Having addressed NJTA's assertions regarding the application and validity of the ordinances' provisions, we turn to Forsgate's claim that defendant is precluded by judicial estoppel from asserting that ordinance 18-00 repealed the Section 62 ordinance. Judicial estoppel "only arises when a party advocates a position contrary to a position it successfully asserted in the same or other proceeding." Kimball Int'l v. Northfield Metal Prods., 334 N.J. Super. 596, 606 (App. Div. 2000), certif. denied, 167 N.J. 88 (2001). In this case, NJTA did not successfully assert its position nor did it "convinc[e] the court to accept its position in the earlier litigation." Id. at 606-07. Thus, judicial estoppel does not preclude NJTA from making its argument. We note, however, that while judicial estoppel "does not preclude inconsistent positions from being pleaded in the alternative," NJTA's reliance on appeal that ordinance 18-00 repealed the Section 62 ordinance is inconsistent with the pleadings and its experts' reports and testimony. See R. 4:5-2; Cummings v. Bahr, 295 N.J. Super. 374, 386 (App. Div. 1996). NJTA presented no plan for solely industrial buildings before or after the taking. Its argument, while not barred by judicial estoppel, appears to be a last-minute unsupported paradigm shift to afford it a "second bite at the apple."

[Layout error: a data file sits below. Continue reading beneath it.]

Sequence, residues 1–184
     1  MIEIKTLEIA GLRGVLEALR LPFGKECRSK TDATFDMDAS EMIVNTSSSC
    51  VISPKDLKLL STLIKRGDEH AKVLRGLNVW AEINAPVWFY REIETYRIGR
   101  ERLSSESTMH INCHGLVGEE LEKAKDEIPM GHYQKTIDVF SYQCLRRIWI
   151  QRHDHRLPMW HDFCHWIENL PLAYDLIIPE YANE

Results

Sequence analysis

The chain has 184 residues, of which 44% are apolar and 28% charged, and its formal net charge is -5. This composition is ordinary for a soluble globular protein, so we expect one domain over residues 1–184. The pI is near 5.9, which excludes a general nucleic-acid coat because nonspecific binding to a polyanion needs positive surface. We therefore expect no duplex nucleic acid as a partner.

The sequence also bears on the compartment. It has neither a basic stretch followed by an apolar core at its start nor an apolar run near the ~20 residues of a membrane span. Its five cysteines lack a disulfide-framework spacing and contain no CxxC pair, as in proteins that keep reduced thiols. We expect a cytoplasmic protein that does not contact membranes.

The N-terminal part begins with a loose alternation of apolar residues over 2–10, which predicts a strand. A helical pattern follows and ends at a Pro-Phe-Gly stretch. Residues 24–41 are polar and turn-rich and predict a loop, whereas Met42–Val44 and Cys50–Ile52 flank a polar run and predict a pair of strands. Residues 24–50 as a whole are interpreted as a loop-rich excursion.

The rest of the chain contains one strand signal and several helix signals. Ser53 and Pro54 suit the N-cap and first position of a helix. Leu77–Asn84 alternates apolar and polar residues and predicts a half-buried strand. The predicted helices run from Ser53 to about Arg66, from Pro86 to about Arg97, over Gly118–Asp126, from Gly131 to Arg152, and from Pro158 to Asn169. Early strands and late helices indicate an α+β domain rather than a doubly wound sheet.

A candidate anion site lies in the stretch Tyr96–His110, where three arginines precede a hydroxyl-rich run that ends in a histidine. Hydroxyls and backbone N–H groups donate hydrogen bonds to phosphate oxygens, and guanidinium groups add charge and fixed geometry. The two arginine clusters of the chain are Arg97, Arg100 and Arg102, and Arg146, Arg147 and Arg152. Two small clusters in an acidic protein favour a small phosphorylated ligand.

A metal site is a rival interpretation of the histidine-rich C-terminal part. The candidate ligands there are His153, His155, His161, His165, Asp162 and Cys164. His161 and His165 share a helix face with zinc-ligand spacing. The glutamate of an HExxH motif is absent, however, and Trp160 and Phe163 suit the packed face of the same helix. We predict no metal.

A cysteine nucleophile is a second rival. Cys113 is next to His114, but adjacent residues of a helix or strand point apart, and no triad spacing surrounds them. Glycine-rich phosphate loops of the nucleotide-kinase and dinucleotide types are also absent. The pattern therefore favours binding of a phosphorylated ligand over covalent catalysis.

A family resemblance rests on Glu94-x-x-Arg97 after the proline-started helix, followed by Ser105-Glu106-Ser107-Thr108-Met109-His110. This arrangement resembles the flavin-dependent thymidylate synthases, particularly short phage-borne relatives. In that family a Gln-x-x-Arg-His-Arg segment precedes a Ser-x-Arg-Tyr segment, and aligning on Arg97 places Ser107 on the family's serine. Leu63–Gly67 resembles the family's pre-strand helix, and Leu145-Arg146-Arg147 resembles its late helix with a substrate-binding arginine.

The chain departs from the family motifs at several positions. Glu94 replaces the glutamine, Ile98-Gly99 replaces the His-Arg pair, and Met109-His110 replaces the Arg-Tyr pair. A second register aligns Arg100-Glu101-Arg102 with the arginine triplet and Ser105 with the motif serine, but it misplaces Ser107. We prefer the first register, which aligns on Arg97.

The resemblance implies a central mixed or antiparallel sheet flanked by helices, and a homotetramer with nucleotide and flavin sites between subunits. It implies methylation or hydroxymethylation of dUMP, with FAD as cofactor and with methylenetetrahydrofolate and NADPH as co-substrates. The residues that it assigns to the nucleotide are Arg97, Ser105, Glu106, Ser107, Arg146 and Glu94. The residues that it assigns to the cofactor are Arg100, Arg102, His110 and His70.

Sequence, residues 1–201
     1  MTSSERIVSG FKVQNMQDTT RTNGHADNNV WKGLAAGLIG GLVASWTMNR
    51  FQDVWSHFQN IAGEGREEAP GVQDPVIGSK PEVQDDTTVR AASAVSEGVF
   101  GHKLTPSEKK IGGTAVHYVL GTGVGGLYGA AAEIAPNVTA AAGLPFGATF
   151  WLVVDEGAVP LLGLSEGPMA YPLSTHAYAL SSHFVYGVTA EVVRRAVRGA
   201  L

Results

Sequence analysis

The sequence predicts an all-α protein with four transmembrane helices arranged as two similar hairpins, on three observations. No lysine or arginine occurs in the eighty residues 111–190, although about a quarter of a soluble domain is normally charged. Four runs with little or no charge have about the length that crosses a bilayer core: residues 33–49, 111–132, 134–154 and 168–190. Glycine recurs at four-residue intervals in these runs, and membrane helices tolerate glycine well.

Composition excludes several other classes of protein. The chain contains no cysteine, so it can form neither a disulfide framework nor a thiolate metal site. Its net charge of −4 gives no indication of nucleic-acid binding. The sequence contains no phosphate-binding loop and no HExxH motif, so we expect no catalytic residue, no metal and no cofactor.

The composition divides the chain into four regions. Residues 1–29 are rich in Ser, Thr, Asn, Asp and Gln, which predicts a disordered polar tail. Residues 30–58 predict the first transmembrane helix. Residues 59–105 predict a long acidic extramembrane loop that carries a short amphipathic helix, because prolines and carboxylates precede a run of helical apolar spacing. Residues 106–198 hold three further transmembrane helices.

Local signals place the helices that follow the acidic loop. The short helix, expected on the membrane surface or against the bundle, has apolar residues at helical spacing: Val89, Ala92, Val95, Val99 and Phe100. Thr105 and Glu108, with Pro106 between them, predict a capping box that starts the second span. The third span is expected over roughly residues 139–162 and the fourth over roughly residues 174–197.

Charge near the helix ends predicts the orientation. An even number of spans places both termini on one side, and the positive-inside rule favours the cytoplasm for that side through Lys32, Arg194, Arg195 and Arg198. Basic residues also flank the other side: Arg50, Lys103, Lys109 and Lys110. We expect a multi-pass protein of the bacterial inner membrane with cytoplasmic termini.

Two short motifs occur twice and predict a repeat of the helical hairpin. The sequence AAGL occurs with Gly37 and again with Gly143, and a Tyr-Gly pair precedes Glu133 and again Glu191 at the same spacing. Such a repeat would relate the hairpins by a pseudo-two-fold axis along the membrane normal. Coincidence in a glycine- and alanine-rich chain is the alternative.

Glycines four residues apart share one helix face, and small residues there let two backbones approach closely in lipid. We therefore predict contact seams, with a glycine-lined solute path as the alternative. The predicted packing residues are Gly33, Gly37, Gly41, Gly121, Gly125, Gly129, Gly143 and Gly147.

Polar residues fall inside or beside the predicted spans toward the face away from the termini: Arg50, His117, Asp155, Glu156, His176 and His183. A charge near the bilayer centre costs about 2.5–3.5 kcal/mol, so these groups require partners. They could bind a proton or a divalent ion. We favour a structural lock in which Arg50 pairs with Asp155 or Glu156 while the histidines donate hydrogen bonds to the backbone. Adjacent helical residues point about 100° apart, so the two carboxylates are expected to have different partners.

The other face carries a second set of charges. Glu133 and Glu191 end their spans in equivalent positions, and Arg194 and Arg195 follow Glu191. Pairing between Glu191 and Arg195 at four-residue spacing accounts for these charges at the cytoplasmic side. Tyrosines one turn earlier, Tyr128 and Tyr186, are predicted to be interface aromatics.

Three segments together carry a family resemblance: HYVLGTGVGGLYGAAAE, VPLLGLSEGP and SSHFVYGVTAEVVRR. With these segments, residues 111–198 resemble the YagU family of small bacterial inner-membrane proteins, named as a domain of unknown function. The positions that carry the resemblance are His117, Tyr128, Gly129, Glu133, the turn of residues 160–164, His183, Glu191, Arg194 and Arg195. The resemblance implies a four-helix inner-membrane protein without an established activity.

We disagree, therefore, with NJTA's assertion that the Section 62 ordinance has been repealed by ordinance 18-00 because we concur with Judge Hurley's logic. The explicit provisions of Section 62 permit a conditional hotel use provided numerous conditions, including but not limited to parking, are met while ordinance 18-00 appears to merely address general parking requirements in variance zones. Forsgate's assertion of judicial estoppel, however, is without merit.